Archive | Sunday , January 24 , 2010

Should Female Tennis Players Play best of 3 out of 5 set matches instead of best 2 out of 3?

Article About Ex Gay & Pro Gay Movements In The American Prospect Magazine.

If you are gay man or a lesbian, there was  probably a period of time in your life when you questioned whether or not you are truly homosexual? However, maybe you are gay or lesbian and you never had internal feelings of doubt about  being a homosexual.

Of course, in my life I have questioned my sexual orientation. When I was young, I wondered whether not I am truly gay? I thought to myself,  how can I like men and not women?

After all, we live in a heterosexist society where heterosexuality is forced into our faces on television, billboards, commericals, in the movies, books, magazines, on the street, and in the theatre.

The heterosexist matrix is everywhere and this opression against gay people can cause some gay men and lesbians to have feelings of self hatred.

I accepted my homosexuality when I was seventeen years old. I decided at that point I just wasn’t straight and I should not lie to myself anymore.

However, the time leading up accepting my adolescent years was a horrible time in my life. My teen years was a time of confusion,  depression, pain, sadness, and grief.

My family knows I am gay it is no mystery, I am out of the closet. However, there are some gay people that are not out to their families because of a plethora of

reasons.

I also grew up during a time  when society was making great strides in acccepting homosexuality in mainstream North American culture.

The only place I would feel “comfortable” expressing my homosexuality in the public sphere is on Church Street.

When I utilize the term “expressing my homosexuality” I am referring to public displays of affection.

Although, I am single, I have to admit when I see a gay or lesbian couple not on Church Street holding hands I do look. I have a sense of pride when

I see gay or lesbian couples confident and proud enough to walk the streets of Toronto expressing their homosexuality.

Now for people that don’t know, Church Street is basically the gay village in downtown Toronto.

However, I must admit, I still would feel uncomfortable displaying affection to another man on any other street.

Sometimes I am jealous when I see straight couples kissing on the sidewalk, or holding hands, or displaying other forms of affection.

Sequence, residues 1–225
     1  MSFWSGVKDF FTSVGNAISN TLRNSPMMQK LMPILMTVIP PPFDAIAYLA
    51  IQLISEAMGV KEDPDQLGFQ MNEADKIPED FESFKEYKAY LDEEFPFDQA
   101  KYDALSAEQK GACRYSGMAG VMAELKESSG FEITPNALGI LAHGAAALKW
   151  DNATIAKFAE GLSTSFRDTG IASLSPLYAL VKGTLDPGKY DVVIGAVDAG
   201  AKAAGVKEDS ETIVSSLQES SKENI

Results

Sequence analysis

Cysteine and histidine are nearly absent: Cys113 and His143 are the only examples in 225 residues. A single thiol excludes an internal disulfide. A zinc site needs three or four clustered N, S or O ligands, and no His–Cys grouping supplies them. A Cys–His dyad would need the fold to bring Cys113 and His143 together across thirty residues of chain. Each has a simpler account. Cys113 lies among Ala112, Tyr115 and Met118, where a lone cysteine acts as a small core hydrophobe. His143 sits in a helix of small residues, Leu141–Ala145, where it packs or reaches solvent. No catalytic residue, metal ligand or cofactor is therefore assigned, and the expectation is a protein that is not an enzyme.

I am cognizant of the fact as a gay man in Toronto “if” I had a boyfriend I “can” hold his hand or kiss him. I think to myself ” I wish I could do that.”

However, my argument is, there is also the fear of retribution and violence.

A lesbian can be raped by a man if he knows she is a lesbian. In fact, it can be  very  dangerous for a lesbian to express her homosexuality in the public sphere. Some

straight men believe they can “cure”  a lesbian through male violence. Of course, since lesbians are women, there is the automatic  threat of male violence against

women due to gender.  My point here is, if a heterosexual man or a group of straight men see a lesbian expressing her lesbianism in the public sphere with another

woman she can become a potential  victim of male violence.

Male homosexuality is still a taboo, even though gay marriage is legal in Canada. I have seen people laugh, hurl insults, or make negative comments at gay men that was expressing their homosexuality in the public sphere.

Gay bashing is a very serious issue and gay men we are targets by homophobes that believe male homosexuality is a violation of true masculinity. In some heterosexist men’s eyes, to be “gay” means you are not a “real man” because a “real man” is straight.

Of course, due to heterosexism the assumpion is that everyone is heterosexual and this is false. However, let’s say you are “deeply” conflicted about being gay to the point that it causes deep anxiety in your life.

The article I just read was written by Gabriel Arana he is a gay American man and was once an “ex gay.” An “ex gay” is a homosexual that wants to be “cured” of his or her’s homosexuality. Even though, the American Psychiatric Association delisted homosexuality as a mental illness in the early 1970s some gay people are still conflicted. I read Arana’s article with a feelings of pathos because it is so sad in the 21st century some gay people cannot accept their homosexuality.

Link to Gabriel Arana’s article in the American Prospect:

http://www.prospect.org/cs/articles?article=i_love_you_man

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